August 19, 1998 transcript #: 247-3
Subject(s): Audrey, 1957, Cameron
Title: HURRICANE AUDREY
Hurricane Definitions

In 1957, Americans thought of themselves as ultramodern. TV was everywhere and Elvis had taken over radio. But small towns weren't always so quick to jump on the media bandwagon. For the town of Cameron, Louisiana, that meant a hurricane disaster that shouldn't have happened in a modern world. Hi, I’m Dave Thurlow and this is The Weather Notebook.

Cameron sits on the coast of southwest Louisiana, about 30 miles east of Texas. It’s surrounded by marshes and sand dunes, and is only a smidgen above sea level. In late June of 1957, a rare early-season tropical storm spun up in the Gulf. Hurricane Audrey quickly intensified and moved toward the Texas/Louisiana coast. People were urged to evacuate, and most of the newer residents of Cameron did leave. However, many of the old-timers, who had seen only weak tropical storms, thought the sand dunes would help protect the town. Warnings of the hurricane went out on both radio and television. But apparently the radio signal was distorted. As for the television warning, well, not all of the residents of Cameron had subscribed to the notion of that new-fangled technology.

Audrey arrived on June 27 with winds of up to 150 miles per hour and a storm surge of twelve feet that swept across the bayou, washing hundreds of homes away. With no place to hide, more than 600 people were killed—most of them older residents. Audrey was one of the last storms where modern technology came up against the attitudes and beliefs of a slower, simpler time, with tragic results.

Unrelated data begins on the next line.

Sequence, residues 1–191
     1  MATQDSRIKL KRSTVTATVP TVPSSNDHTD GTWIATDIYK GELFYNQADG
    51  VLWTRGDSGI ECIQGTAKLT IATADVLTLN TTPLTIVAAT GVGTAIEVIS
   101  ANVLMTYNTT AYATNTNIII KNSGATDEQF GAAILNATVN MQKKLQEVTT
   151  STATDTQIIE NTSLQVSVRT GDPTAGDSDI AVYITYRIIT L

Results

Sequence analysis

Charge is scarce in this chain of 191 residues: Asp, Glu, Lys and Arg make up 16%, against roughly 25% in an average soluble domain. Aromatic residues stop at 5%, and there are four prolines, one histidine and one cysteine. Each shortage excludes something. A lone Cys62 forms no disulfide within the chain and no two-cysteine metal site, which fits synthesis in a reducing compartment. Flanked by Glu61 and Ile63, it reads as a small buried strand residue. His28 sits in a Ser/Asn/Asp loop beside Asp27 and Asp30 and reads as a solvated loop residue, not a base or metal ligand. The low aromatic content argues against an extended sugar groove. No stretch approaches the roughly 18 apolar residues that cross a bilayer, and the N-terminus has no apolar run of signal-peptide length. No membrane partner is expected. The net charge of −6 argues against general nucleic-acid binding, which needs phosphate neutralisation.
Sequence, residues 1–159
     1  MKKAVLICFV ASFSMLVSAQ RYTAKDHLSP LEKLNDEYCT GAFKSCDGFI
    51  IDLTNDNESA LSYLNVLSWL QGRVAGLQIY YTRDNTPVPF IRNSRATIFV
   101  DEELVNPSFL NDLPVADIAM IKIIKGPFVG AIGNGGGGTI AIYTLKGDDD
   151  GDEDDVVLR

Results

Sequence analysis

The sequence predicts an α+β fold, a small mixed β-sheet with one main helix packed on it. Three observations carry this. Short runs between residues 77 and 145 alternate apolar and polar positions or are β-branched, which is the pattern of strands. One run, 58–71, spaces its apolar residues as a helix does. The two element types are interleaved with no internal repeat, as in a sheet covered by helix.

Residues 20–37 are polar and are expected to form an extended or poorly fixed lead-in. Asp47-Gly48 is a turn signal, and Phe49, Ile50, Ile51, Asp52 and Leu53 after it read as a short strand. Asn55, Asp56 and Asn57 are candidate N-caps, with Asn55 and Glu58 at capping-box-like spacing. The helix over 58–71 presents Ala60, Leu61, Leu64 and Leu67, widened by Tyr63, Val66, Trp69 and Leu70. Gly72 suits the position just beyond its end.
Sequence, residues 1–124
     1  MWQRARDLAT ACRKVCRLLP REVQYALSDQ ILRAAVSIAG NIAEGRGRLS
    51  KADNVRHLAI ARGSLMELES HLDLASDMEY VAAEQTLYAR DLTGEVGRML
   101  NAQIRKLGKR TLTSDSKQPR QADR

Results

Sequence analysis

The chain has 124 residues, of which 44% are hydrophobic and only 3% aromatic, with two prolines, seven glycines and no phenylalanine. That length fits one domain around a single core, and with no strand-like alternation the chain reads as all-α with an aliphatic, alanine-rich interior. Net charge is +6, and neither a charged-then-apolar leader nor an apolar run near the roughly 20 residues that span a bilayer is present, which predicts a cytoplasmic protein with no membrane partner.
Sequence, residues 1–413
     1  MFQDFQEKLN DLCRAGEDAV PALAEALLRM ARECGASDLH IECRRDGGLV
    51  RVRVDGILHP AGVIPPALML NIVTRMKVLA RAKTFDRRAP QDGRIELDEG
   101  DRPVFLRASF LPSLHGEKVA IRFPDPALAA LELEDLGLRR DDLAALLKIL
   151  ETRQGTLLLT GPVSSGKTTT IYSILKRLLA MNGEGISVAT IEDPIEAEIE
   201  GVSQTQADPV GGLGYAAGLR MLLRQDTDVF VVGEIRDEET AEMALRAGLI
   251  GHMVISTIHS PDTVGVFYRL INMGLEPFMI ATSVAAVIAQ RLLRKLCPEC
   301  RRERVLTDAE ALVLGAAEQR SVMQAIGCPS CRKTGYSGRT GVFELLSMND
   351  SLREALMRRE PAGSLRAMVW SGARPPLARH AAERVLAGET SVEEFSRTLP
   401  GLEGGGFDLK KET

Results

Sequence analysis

Today’s contributing writer is Bob Henson. The Weather Notebook is underwritten by Subaru, the beauty of all wheel drive, with major support provided by the National Science Foundation.



ADDENDUM: September 18, 2006

In response to several listener queries, correspondent Bob Henson adds:

This two-minute segment did not do justice to the full story of Hurricane Audrey. Although hurricane warnings were issued at 10 PM on the night of June 26, 1957, the storm accelerated and intensified overnight, striking earlier and with much more fury than residents expected. To see copies of the actual Weather Bureau statements issued as Audrey approached, see this link: http://www.jamesspann.com/bmachine/wxtalk.php?p=4&cat=10

The mention above of a "radio signal being distorted" was itself distorted when we produced this segment. In fact, it was the content of the warning message itself, as broadcast on radio, that helped lead many residents of southwest Louisiana to believe that they were safe from Audrey.

In short, a variety of factors led to the Audrey tragedy, and my segment was meant to touch on only a few aspects of this complex and sad story. I wish there had been room for more detail, and Iím sorry if the brevity and tone of this segment distorted the story. My thanks go to several descendants of Audrey survivors who provided comments and perspective.